21 May 2019

Conga Shower Jelly

Many a time over the last couple of months I have found myself being swept into a conga around the room, wondering how my life has reached a point where I consider this to be a form of entertainment. Despite the masses of personal growth I have achieved over the last two years, it’s obvious that I haven’t lost my party pooper streak it seems.

One of a handful of exclusive shower jellies that Lush have brought out for the Liverpool store, Conga is perhaps the prettiest of the lost. Sporting a fluorescent pink colour, not to mention a brand new fragrance from the company, this jelly is like Pink Custard’s more vibrant younger sister. 

Before I describe the merits of this particular jelly, I should start by saying that I’ve come to appreciate these wobbly inventions far more over the last few years. As a shower gel connoisseur, I have always considered these solid jellies as more of a hindrance than their bottled counterparts. However, with experience and experimenting, I have now found so many ways that these products can be utilised, so I am far more open to receive these solid renditions than I once was.
The most obvious way is to use the whole jelly at once: massaging it either directly across your body or between your hands, before using the lather to clean you’re skin with. While smaller 100g jellies seem to work fairly well when stimulated with your palms, I find that the larger ones are quite difficult to hold for very long, and I usually find the product ends up on the floor more times than it does across my body.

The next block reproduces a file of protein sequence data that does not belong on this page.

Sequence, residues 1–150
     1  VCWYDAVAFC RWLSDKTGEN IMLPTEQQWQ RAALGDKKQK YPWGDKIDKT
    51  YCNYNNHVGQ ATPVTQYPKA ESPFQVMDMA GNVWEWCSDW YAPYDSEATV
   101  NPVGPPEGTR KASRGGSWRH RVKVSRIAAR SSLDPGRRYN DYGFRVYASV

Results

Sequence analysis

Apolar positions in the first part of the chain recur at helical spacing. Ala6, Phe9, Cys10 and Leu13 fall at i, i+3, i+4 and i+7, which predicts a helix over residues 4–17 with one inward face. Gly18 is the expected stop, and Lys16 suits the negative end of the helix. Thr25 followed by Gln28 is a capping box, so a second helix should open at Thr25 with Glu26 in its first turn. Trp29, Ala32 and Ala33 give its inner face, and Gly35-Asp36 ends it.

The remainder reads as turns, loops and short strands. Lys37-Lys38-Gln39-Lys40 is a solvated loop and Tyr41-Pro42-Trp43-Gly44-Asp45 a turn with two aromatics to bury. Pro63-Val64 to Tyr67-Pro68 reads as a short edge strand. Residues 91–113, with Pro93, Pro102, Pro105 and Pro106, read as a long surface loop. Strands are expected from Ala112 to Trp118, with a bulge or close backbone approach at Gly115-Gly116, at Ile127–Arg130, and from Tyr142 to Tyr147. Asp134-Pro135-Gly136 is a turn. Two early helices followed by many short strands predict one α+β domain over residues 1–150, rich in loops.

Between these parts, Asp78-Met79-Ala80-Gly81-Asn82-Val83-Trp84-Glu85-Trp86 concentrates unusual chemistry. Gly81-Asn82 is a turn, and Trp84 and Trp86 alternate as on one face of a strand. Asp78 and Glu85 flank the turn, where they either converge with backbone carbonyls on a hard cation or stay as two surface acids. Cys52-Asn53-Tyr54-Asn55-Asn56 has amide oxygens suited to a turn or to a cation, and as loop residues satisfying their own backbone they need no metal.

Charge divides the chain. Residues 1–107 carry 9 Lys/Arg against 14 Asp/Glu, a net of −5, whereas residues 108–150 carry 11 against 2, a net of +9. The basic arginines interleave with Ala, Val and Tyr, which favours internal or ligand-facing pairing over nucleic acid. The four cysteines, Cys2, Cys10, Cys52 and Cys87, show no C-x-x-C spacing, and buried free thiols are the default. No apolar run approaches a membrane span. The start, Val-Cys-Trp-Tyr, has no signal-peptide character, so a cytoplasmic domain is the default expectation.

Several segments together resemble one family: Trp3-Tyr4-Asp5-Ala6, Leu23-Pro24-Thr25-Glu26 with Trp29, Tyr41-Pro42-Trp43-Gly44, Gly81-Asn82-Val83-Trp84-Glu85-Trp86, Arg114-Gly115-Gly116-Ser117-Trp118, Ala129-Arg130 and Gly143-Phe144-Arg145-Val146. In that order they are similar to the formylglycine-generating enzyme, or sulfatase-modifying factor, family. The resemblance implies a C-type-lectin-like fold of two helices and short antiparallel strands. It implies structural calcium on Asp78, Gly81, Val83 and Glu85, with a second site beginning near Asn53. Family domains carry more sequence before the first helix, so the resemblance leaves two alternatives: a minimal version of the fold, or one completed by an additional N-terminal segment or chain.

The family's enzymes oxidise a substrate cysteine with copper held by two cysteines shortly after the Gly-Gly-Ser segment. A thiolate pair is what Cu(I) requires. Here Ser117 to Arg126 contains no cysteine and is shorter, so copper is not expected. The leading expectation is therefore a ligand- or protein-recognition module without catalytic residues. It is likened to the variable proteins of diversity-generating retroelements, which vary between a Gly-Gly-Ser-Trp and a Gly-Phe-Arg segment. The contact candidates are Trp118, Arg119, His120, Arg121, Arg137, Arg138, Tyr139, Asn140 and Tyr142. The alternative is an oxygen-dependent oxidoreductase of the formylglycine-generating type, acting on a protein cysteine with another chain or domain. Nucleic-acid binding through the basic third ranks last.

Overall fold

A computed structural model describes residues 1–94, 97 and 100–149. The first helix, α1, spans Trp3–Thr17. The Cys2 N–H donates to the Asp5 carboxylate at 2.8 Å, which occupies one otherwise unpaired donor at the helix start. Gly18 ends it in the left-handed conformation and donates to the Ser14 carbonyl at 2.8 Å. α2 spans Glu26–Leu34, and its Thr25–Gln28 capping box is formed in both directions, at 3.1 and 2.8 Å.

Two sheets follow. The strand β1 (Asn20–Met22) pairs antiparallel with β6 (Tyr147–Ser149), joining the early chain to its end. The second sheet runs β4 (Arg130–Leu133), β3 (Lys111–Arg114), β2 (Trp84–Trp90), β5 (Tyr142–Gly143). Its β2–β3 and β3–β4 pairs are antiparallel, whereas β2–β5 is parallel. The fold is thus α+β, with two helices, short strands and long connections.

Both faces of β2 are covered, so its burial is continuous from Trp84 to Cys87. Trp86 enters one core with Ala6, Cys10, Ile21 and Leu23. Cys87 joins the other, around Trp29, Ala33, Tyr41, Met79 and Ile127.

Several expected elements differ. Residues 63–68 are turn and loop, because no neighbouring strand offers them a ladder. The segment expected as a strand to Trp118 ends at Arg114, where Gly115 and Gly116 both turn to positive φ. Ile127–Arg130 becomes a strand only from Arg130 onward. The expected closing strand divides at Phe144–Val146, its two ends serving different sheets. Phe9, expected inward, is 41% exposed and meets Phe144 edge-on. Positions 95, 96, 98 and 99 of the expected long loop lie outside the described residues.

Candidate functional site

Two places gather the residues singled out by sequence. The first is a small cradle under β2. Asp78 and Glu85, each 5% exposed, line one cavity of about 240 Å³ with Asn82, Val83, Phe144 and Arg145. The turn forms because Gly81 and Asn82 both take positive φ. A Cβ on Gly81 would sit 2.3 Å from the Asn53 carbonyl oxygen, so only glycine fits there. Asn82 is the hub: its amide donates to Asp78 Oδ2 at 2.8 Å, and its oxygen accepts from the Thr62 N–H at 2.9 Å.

If this doesn’t work for you, cutting your jelly up into smaller pieces means that you have better control of creating a lather between your palms. Having said that, there is now the issue of the shower jelly being too small to handle, and the same frustrating game of handling it becomes an issue once again. There is also the factor that smaller pieces find it easier to slip down the drain before they’ve been used very much at all.

If you are choosing to use the jelly in either of these ways, please be mindful of the fact that you should avoid exposing them to the water too much. While Conga isn’t at all ‘crumbly’, I have had jellies fall apart on me in the past, not to mention the fact that the product will shrink a lot quicker with constant direct exposure to the running water.
If you find that shower jellies, in their wobbly format, don’t work for you at all, there is always the option of blending the jelly into more of a thick paste, or indeed that of a gel. Simply take half of your jelly (store the rest somewhere else) and throw it into the blender for a minute or so. If you want more of a gel-like consistency, you’ll need to add a little water as well. As a warning though, adding water reduces the shelf life of this shower jelly somewhat, as the product is now a breeding ground for bacteria. Without water, the blended jelly can last a good few years - as you would expect a jelly to do so; with water, a couple of months is probably the maximum amount of time I would continue using the mixture before I’d need to consider whether it’s healthy to be putting it onto my skin.